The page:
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Mics out of phase? Textbook case?

Messages
7,411
So is this a good illustration of 2 mics out of phase on a couple of tracks? Blown up big you can really tell one mic goes "down" when the other goes "up". The top line in each track is an MD421 on the grill; the bottom line is a Cascade ribbon (721R) about 2 feet back.



Anyhow, when I used a utility plugin to flip the phase on one mic on each track, suddenly the guitar parts really jumped out and got a little less glassy. That's probably telling me somethin', huh? :eek:
 

Audioholic

Member
Messages
2,574
The wave pics on that editor hardly look like they are super accurate or able to tell teh whole story, sometimes hard to get the audible story just by looking at a wav form for some things. when positioning a mic farther and closer, the sound will of course hit them at differering times, best to use your ears rather then seeing if something "looks" out of phase. Usually out of phase sounds hollow and lack of bass or just plain odd or filtered. If it sounds better when flipping the phase, then kewl. Best to try to get things in phase as best as possible before hitting record by using your ears. Putting one mic up close and another 2 feet back, might take some listening tests to get them to work in phase, usually for me, those differing distance can equal phase problems if not positioned correctly.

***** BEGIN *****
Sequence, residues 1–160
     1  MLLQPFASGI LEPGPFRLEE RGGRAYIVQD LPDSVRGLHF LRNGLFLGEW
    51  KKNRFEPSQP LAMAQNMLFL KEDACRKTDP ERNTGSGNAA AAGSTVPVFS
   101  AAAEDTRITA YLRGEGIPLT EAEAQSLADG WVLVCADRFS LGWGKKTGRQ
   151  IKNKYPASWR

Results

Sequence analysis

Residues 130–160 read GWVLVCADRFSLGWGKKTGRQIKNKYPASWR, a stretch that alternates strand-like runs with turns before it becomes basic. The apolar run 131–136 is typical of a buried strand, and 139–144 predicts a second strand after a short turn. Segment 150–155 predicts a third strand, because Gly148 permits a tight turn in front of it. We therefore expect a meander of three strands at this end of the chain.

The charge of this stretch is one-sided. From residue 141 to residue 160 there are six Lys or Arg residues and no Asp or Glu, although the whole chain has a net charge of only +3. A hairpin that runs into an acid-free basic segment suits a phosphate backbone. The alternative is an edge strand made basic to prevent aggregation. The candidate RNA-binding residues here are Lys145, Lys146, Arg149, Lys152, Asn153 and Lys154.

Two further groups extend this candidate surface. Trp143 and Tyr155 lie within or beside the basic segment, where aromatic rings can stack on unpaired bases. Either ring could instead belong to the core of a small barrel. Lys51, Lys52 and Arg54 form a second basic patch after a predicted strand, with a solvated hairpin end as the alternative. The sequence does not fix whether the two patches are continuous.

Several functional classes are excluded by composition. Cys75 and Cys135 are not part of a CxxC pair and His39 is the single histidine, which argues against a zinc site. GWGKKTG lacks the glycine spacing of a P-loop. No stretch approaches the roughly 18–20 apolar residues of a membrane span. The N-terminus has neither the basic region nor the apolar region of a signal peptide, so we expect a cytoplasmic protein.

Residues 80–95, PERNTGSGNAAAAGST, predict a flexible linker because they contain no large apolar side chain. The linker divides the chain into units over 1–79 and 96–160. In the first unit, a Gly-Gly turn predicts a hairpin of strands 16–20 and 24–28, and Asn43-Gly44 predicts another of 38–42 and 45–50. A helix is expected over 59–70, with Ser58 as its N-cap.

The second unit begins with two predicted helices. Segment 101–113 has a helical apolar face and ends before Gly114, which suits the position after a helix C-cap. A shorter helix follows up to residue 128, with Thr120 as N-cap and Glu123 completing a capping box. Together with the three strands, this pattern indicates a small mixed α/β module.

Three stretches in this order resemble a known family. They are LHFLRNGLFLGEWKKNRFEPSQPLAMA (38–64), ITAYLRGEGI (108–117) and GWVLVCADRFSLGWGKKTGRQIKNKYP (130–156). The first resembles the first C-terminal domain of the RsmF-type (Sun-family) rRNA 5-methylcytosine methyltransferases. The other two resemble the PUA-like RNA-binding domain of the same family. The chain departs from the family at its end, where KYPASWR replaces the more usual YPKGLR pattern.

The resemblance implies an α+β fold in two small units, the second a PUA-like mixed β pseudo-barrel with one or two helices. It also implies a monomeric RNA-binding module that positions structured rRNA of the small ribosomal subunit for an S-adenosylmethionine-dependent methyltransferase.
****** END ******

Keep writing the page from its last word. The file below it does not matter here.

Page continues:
Randaddy

Member
Messages
1,144
It sure looks that way to me.

But instead of flipping one of the waves, slide it so that they align. It appears that the bottom one (of each pair) could be slid to the right just a little and they would align.
 
Messages
7,411
It sure looks that way to me.

But instead of flipping one of the waves, slide it so that they align. It appears that the bottom one (of each pair) could be slid to the right just a little and they would align.
That was my original thought too, based on looking at a tiny section of the wave the way you see it in this graphic. The problem is, the waves expand and contract based on pitch, so sliding the wave to work where you see it here, for example, won't work for higher or lower frequency waves elsewhere on the track.

Didn't stop me from spending time going down that path, though... :p
 

drfrankencopter

Silver Supporting Member
Messages
2,159
Doesn't look reverse polarity to me.....just looks like there's a delay (which you'd expect with one mic 2 feet back from the other). Measure the time between any two peaks that you think should correspond, and add a delay. By looking at it, I'd be inclined to delay the lower track (far mic), by about 1/3rd of a grid. Technically if you wanted to line them up you'd delay the close mic'dtrack (or advance the distant mic'd track), but to me that takes away from the 'space' of distant micing).

You don't have to be scientific about it either....stick a full bandwidth delay on one track (no feedback, 100%wet), and increase it in 1 ms increments until it sounds right. Remember if it sounds right, it IS right.

Cheers

Kris
 




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